But not all bosses are bad, of course. There are actually a lot of great leaders in front of great organizations. Since leading starts from the very top of an organization, then let’s have a look to the highest rated CEO’s. Did you know that everybody can rate and review their workplace and CEO at In Glassdoor? Top 100 is available at the Glassdoor site but here is the TOP 10 CEO’s rated by their people:

    1. Eric S. Yuan from Zoom Video Communications
    2. Michael F. Mahoney from Boston Scientific
    3. Daniel Springer from DocuSign
    4. Lynsi Snyder from In-N-Out Burger
    5. James Downing from St. Jude Children’s Research Hospital
    6. Corey Schiller & Asher Raphael from Power Home Remodeling
    7. Charles C. Butt from H E B
    8. Jeff Weiner from LinkedIn
    9. Colleen Wegman from Wegmans Food Markets
    10. Marc Benioff from Salesforce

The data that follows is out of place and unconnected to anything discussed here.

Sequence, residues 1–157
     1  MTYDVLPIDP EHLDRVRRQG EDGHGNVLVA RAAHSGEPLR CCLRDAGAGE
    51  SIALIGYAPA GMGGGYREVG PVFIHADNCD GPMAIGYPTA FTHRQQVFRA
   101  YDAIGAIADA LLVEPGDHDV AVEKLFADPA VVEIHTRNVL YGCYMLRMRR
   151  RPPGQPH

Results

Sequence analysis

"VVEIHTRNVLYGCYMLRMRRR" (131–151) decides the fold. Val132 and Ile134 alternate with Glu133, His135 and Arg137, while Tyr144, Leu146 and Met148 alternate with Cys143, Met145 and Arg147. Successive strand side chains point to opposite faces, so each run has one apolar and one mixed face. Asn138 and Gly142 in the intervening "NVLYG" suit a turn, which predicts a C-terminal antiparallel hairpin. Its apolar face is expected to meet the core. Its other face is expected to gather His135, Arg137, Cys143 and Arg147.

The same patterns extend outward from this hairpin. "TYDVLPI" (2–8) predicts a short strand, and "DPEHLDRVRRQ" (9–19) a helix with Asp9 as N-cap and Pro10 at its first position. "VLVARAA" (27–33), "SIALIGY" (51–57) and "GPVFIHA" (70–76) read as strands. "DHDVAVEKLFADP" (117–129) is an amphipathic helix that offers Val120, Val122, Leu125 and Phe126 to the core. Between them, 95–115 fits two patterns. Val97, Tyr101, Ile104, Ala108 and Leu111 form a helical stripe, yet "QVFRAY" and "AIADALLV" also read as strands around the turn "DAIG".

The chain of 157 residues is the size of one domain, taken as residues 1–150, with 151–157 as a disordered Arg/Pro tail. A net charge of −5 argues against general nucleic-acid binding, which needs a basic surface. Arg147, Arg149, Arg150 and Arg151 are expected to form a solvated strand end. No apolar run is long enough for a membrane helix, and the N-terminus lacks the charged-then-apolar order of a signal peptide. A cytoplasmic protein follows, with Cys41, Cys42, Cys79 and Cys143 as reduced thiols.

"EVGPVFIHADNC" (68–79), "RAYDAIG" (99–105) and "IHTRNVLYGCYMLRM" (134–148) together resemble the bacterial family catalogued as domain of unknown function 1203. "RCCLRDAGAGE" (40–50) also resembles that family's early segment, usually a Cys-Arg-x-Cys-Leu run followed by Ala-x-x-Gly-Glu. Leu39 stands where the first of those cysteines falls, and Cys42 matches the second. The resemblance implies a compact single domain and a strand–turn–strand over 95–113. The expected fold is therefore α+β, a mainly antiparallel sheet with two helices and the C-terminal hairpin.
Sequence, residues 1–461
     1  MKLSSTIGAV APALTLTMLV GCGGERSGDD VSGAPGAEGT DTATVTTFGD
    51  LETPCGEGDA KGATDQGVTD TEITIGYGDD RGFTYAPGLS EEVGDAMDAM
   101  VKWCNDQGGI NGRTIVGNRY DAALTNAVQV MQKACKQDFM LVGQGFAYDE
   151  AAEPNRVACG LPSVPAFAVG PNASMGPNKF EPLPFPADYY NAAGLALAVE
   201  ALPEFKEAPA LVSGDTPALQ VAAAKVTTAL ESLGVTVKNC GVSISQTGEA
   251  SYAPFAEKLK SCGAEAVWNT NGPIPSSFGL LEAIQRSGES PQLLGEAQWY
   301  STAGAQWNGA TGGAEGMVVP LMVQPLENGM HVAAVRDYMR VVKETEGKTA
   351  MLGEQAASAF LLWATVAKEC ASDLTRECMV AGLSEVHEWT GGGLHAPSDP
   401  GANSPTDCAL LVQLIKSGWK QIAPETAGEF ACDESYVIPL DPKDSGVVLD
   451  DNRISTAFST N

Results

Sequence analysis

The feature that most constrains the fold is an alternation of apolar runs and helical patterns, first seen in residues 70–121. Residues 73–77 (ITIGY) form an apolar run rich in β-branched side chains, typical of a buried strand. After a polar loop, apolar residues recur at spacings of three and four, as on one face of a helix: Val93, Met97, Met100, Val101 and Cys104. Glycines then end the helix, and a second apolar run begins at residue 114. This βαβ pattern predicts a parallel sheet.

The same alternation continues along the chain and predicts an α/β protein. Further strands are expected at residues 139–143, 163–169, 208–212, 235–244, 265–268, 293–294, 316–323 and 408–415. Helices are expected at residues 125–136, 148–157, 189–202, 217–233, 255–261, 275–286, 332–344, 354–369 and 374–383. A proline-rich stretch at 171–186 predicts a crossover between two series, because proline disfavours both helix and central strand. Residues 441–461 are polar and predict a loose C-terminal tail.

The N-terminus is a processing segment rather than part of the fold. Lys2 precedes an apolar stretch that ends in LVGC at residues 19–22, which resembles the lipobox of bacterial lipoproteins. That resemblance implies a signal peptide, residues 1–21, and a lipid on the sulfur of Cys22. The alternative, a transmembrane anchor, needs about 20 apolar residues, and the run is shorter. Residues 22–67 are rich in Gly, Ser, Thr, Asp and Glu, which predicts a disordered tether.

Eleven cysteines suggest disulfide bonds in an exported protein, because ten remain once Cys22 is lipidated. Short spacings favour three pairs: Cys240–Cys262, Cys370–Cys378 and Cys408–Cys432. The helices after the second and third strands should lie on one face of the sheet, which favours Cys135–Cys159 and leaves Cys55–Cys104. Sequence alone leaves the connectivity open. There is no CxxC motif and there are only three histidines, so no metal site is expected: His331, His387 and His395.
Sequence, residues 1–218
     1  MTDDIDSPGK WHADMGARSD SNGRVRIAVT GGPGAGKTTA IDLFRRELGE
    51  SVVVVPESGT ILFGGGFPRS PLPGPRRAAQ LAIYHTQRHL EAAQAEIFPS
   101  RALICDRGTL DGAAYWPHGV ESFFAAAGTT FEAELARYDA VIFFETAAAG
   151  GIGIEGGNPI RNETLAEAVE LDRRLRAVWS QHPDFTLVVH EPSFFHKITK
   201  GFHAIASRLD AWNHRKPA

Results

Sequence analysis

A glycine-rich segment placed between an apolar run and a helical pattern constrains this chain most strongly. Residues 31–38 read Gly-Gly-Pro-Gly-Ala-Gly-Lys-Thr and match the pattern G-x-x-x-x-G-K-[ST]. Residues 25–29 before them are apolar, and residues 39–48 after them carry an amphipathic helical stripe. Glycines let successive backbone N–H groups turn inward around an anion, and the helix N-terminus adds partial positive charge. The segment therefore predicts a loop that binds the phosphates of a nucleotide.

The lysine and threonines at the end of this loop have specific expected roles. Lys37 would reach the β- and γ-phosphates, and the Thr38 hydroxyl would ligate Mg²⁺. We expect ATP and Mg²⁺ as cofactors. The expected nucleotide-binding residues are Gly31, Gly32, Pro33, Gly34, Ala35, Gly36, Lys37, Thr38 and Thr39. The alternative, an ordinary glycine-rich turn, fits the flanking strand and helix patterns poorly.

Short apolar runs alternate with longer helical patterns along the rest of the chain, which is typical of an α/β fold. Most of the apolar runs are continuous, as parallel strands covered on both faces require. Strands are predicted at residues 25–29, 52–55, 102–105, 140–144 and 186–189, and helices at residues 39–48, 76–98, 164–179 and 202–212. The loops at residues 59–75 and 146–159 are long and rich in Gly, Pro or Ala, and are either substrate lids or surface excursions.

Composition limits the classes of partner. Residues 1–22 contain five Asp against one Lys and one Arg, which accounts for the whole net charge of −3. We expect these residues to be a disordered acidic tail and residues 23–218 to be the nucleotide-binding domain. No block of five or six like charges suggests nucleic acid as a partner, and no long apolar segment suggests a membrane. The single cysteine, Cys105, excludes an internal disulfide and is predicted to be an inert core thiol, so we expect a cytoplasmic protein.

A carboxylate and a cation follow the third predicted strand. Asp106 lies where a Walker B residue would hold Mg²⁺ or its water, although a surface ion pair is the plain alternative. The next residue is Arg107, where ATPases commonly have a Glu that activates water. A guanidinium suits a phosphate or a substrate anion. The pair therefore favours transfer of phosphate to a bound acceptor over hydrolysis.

So what is this that great leaders do to that make them great? I had a look at the Zoom Video Communication reviews at Glassdoor and here is what I found about Eric S. Yuan: “CEO is a great Entrepreneur with a solid vision for the company”. “Linear management structure – you can walk onto any floor, chat with any exec (even Eric our CEO) and you’ll get a response. It’s encouraged”! “Bi-weekly all hands has an anonymous Q&A that addresses any lingering beef anyone has with anything going on at Zoom. Questions are addressed live by the CEO and a lot of positive changes have come from it!” ”Eric Yuan is about as humble, nice, and hard-working as they get”. ”Eric Yuan is the real deal, smart, humble, driven like no other and truly cares and it shows in action and how he leads. You know the man by what he values from sending personal gift cards for answering questions in All hands to following up with my wife when our family was going through a hard season, to jumping on calls to provide executive exposure with prospects or current customers. Too much to say here for a review but Eric is a very special man and leader”. What was really interesting is this that almost all the reviews that I read had something great say about Eric which shows that apparently, he is doing something right since reviews are high and comments were positive.